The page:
To be clear, I am grateful and overjoyed that Presdident Obama is bringing back 100,000 troops in the next 19 months. I wish it were quicker, but the choice to bring them home is the right one. But leaving 50,000 troops there for another year plus is not the right choice.
I like the direction, but the pace must be quicker.
All those who oppose the invasion and occupation should join with Pelosi and Reid and work to convince the Obama administration to cut the number of residual trooops left behind in 2010.
I agree with Pelosi, Reid, Schumer, Murray and Feingold.
The Silence of the Liberals
As Obama launches “war on terrorism” II
by Justin Raimondo
Has anyone noticed Obama’s vaunted 16-month withdrawal-from-Iraq plan has already stretched into 19 months – and the “residual force” he kept talking about during the campaign, as if it were a mere afterthought, turns out to be 50,000 strong?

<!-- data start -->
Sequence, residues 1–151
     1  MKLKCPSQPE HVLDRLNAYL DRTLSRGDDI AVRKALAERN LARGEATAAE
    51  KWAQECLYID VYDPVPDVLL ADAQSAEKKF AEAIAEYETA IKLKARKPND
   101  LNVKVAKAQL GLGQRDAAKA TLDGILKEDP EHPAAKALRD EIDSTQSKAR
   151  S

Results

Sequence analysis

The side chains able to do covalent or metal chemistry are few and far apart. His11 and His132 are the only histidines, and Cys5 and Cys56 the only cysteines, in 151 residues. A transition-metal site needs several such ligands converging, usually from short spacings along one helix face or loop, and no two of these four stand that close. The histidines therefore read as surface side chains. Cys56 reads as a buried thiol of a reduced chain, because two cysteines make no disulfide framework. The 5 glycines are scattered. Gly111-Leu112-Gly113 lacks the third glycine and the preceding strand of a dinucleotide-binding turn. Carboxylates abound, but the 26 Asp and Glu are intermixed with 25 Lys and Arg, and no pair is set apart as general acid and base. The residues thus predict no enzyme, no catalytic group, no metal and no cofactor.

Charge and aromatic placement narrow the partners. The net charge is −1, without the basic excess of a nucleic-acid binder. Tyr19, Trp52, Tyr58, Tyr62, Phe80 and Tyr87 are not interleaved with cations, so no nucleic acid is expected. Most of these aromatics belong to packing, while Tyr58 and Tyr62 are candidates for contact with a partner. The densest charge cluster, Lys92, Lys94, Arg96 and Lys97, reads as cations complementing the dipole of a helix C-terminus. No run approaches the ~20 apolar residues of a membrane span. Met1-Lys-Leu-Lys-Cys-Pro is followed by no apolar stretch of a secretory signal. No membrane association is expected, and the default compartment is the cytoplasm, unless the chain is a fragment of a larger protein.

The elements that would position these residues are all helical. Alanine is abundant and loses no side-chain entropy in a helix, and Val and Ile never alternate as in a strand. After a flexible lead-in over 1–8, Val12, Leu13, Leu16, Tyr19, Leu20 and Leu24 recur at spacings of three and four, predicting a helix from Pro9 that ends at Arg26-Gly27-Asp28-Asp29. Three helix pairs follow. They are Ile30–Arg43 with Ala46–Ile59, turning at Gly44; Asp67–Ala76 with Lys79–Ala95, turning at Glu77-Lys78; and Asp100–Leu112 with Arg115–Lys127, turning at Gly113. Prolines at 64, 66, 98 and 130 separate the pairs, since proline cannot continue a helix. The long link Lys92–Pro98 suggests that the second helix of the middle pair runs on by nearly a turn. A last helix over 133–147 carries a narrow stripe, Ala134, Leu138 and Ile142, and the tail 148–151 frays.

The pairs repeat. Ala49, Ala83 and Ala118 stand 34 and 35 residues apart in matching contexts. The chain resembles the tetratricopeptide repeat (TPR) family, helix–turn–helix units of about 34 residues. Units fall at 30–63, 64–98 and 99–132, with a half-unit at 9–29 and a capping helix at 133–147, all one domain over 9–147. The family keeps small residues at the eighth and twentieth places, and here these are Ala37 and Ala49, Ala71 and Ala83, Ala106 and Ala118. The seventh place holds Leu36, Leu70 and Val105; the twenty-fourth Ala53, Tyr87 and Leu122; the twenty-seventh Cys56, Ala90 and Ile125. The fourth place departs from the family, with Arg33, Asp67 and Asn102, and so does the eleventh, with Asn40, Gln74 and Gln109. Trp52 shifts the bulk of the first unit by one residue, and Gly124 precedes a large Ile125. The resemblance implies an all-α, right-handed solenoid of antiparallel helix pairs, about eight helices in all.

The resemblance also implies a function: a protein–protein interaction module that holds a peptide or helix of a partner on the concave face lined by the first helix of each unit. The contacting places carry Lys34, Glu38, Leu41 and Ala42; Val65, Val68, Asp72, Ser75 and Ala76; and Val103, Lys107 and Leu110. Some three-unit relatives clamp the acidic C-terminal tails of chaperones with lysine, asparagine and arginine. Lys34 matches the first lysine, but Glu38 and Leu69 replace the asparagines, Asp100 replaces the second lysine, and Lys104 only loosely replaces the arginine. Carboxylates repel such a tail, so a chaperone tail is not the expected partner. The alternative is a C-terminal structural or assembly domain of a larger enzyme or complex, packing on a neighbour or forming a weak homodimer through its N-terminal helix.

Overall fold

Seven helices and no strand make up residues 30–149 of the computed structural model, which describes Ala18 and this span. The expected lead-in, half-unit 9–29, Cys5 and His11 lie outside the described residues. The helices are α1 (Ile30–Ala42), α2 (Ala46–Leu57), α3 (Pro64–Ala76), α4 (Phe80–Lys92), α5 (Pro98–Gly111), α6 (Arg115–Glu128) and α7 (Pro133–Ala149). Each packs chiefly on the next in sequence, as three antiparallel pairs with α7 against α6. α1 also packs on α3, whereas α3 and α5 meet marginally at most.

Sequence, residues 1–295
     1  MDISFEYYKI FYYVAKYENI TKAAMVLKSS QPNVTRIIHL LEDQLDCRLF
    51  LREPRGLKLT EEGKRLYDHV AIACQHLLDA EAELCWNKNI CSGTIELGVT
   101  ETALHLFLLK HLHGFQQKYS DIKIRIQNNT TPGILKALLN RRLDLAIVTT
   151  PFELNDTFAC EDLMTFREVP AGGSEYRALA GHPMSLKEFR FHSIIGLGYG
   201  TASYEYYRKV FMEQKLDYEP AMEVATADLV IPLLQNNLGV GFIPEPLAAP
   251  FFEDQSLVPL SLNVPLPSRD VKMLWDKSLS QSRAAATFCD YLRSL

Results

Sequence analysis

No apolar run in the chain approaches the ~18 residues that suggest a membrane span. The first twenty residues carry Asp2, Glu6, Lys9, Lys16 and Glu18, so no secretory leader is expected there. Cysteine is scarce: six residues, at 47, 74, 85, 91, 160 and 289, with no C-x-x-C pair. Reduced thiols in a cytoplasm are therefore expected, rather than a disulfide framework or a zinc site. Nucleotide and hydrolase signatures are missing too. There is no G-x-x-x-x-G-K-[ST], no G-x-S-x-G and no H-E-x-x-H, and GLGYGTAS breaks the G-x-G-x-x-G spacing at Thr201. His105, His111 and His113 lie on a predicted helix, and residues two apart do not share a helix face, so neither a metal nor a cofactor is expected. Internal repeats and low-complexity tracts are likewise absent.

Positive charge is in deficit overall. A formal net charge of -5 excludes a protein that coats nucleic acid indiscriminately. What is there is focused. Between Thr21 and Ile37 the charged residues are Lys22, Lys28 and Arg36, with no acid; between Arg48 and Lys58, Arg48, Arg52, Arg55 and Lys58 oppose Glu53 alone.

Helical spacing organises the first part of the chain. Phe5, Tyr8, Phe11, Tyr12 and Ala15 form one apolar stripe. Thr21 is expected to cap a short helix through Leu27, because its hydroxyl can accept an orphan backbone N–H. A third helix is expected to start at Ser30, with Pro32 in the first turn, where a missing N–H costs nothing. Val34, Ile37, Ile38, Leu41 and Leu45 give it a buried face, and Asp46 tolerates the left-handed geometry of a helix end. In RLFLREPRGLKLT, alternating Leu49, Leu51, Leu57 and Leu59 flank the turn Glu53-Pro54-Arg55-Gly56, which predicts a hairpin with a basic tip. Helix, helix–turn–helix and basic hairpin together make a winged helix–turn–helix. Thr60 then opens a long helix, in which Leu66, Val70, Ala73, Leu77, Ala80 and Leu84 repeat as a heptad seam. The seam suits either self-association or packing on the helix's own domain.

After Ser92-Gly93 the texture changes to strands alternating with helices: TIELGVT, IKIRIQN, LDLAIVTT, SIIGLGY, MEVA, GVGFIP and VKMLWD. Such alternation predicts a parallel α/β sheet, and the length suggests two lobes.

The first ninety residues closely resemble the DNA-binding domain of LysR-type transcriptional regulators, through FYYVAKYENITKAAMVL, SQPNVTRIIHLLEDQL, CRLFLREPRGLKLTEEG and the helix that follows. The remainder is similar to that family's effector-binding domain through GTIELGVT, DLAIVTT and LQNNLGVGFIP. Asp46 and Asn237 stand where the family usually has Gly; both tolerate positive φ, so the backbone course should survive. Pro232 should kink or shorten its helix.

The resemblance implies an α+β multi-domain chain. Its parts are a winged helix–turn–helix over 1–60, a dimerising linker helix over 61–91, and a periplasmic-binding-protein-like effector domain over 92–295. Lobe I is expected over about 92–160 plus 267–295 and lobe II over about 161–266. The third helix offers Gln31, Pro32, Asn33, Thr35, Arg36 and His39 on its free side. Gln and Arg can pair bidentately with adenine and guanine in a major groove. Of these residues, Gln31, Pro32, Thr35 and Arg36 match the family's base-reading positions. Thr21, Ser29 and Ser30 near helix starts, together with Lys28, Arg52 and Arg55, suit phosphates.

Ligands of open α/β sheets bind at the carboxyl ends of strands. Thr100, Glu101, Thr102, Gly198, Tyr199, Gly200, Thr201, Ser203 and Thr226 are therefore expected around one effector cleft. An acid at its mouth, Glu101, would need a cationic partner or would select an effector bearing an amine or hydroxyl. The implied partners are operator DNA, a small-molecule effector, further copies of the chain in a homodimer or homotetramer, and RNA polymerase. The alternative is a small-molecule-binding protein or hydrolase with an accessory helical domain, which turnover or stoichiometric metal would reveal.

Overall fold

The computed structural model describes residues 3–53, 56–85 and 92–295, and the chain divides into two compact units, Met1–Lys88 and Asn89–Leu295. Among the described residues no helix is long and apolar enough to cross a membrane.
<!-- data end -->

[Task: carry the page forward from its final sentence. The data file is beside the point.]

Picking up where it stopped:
Originally, none of those “residuals” were supposed to be combat troops – yet now we are told “some would still be serving in combat as they conducted counterterrorism missions.” You have to go all the way to the very end of this New York Times report before you discover that, according to Pentagon press secretary Geoff Morrell, “A limited number of those that remain will conduct combat operations against terrorists, assisting Iraqi security forces.”
In short: we aren’t leaving.
I don’t care what the status of forces agreement says: that document has more loopholes than the bank bailout bill’s provisions for paying back the American taxpayers. Those 50,000 “residual” occupiers will simply pull back into their permanent bases, which are even now being constructed throughout Iraq, to be called on when our sock-puppets find themselves unable to tamp down the growing spirit of rebellion.